- More than 3,000 people gathered at Delhi’s Shaheen Bagh and Jamia Millia Islamia on New Year’s Eve in solidarity against the CAA
- The stage gave a platform to poets, professors, civil society groups, civic leaders, actors and students
- A band performance was also held, driving home the central message to save the country from the legislation passed by the Centre
As the world geared up to bring in 2020, more than 3,000 people gathered at Delhi’s Shaheen Bagh and Jamia Millia Islamia on New Year’s Eve against the Citizenship Amendment Act. The protesters decided to walk into the new decade while singing the national anthem and raising ‘azadi’ slogans.
Seen here is a protester holding a placard that reads ‘happy new fear’ at Shaheen Bagh. Image courtesy: Tehreem Fatima/Firstpost
Braving the biting winter cold in the National Capital, women of all age groups – from a 90-year-old senior citizen to a mother of a 20-days-old baby – were seen at the peaceful protest. Senior citizens and children also attended the protest.
Thousands of women came up to protest against CAA. Image courtesy: Tehreem Fatima/Firstpost
Tents were pitched and discussions on the CAA, National Register of Citizens (NRC), National Population Register (NPR), India’s freedom struggle, the Constitution and the ideologies of the likes of Mahatma Gandhi and BR Ambedkar were discussed.
People in Shaheen Bagh on the New Year’s Eve to protest against CAA, NRC. Image courtesy: Tehreem Fatima/Firstpost
The stage gave a platform to poets, professors, civil society groups, civic leaders, actors and students, belonging to Jamia, JNU and other colleges and schools to voice their opinions against the amended Citizenship Act.
An artist paints the road at Shaheen Bagh. Image courtesy: Tehreem Fatima/Firstpost
A band performance was also held, driving home the central message to save the country from the legislation passed by the Narendra Modi-led central government.
A band performed during the protest at Shaheen Bagh. Image courtesy: Tehreem Fatima/Firstpost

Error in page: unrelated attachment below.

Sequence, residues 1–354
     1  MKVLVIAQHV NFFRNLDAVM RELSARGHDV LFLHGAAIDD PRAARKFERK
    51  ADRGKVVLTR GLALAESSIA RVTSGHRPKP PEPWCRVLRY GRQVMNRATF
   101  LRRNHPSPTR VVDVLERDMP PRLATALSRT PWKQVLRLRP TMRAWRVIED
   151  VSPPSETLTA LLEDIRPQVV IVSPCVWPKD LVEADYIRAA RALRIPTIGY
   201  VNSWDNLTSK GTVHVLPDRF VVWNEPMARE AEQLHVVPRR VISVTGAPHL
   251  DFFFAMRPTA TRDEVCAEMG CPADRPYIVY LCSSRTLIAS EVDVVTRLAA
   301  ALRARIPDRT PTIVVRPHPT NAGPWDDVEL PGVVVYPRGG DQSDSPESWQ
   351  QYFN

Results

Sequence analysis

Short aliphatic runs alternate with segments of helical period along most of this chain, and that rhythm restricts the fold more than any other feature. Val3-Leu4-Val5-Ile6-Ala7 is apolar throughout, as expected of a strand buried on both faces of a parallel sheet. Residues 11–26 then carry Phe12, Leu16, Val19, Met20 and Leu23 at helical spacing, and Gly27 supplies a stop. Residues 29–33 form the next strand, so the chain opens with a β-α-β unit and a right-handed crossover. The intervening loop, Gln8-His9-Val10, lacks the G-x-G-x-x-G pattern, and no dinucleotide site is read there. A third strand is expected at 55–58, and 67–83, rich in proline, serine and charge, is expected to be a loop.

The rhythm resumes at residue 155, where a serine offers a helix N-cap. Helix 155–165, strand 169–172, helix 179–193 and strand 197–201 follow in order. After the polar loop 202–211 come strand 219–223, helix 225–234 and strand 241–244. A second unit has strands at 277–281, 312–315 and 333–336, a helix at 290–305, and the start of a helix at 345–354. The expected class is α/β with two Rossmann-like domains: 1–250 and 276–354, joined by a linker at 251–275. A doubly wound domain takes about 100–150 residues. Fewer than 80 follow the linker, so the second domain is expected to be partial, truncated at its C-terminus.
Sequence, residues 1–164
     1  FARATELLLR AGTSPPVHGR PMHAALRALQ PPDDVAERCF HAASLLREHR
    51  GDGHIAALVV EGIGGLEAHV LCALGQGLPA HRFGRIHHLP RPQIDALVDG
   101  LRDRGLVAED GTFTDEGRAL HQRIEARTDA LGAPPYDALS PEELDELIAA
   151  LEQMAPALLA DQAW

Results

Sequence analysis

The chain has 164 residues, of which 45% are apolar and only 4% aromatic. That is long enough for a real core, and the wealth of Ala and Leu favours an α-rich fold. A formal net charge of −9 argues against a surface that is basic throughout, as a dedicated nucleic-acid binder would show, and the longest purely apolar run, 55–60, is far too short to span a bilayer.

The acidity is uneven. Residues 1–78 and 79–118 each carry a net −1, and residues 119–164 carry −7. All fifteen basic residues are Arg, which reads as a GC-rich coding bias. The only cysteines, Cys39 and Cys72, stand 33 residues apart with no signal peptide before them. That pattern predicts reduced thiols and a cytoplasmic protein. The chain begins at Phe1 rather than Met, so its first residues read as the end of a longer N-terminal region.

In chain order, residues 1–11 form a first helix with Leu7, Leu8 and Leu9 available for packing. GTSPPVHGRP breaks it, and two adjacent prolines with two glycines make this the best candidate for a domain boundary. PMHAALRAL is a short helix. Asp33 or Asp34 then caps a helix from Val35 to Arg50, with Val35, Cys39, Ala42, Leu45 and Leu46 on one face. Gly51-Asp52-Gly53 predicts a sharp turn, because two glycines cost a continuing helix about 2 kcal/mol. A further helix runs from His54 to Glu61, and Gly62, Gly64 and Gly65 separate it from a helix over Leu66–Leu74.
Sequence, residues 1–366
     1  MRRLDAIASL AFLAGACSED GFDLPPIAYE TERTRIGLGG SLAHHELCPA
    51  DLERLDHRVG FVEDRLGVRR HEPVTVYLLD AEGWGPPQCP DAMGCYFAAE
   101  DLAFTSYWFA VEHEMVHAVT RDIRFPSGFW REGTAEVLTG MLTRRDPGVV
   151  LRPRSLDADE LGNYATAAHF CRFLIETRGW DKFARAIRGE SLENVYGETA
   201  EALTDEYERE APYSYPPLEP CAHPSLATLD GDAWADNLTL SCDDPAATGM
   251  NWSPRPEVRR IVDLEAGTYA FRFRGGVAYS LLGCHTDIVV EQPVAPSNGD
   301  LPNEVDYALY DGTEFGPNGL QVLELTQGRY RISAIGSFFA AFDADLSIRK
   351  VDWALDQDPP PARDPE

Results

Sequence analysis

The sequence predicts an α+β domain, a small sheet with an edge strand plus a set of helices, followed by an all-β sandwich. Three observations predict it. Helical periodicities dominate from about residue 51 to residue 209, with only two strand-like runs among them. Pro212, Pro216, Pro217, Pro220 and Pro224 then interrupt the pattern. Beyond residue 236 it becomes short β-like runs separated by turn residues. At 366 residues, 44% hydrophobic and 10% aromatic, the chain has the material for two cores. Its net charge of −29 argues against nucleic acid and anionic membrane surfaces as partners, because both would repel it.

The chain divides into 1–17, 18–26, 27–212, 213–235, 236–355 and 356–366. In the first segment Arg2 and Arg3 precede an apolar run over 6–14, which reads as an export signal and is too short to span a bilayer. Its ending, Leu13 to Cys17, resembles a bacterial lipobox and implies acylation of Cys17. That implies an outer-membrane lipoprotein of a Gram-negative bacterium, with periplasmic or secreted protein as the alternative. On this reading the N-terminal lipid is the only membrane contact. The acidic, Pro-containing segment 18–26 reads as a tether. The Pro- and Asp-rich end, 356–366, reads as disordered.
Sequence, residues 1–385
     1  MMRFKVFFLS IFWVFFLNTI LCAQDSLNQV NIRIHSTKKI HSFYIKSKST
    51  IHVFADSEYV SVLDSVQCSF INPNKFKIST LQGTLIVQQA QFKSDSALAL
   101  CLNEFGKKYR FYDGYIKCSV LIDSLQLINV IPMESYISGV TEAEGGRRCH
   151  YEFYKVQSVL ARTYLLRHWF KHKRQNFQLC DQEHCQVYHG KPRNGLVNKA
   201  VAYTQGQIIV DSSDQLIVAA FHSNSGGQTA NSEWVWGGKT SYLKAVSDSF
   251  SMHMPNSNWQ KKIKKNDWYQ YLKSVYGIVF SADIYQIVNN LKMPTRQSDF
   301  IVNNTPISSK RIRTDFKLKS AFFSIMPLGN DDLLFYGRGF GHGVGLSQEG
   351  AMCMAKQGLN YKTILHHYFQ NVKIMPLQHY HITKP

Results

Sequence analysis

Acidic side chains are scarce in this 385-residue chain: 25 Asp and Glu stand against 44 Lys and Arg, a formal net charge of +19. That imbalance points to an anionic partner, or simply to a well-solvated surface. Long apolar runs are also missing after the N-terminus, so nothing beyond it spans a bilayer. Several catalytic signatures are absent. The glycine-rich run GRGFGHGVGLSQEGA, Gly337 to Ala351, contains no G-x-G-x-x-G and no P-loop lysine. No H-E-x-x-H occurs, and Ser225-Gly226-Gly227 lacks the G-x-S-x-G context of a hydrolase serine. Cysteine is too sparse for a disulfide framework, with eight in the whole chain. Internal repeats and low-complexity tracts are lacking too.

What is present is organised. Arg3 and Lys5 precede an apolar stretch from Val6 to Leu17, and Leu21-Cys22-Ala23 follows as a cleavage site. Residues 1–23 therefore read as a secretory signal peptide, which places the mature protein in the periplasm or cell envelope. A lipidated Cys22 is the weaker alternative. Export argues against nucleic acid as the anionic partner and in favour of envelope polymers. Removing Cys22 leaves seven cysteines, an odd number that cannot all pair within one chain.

Protesters held the tricolour even as the food, tea, fire wood, blankets, mattresses, heaters, water and medical supplies from well-wishers were distributed among the people. Such help to agitators has been offered ever since protests gained momentum on 15 December, days after the Parliament passed the Citizenship Amendment Bill by the Parliament.
A man ties the Indian flag to a street light pole at Shaheen Bagh. Image courtesy: Tehreem Fatima/Firstpost
‘No-CAA’ and ‘no-NRC’ stickers are now found everywhere, even as protesters chanted ‘Azaadi‘ and ‘Inquilab Zindabad‘.
A girl from Jamia holds a placard, demanding freedom from CAA and NRC. Image courtesy: Tehreem Fatima/Firstpost
Anti-CAA protesters also staged demonstrations at several other places in Delhi, including Connaught Place’s Central Park and Saket’s PVR Anupam complex.
The protests at Shaheen Bagh have been going on for over two weeks even as temperatures continue to hover around the single-digit figure in Delhi. The stir on Tuesday was helmed by women, who led peaceful protests at a distance of few feet from the area that saw violent clashes on 15 December.
During the protest a fortnight ago, buses were set on fire after protestors and the police clashed. Several students and policemen were injured and around 100 students were detained. The police also allegedly entered the Jamia Millia Islamia campus and was accused of brutality against students.
According to the Citizenship (Amendment) Act, Hindus, Sikhs, Buddhists, Jains, Parsis and Christians who had come to India till 31 December, 2014, from Pakistan, Bangladesh and Afghanistan because of religious persecution will not be treated as illegal immigrants and be given Indian citizenship.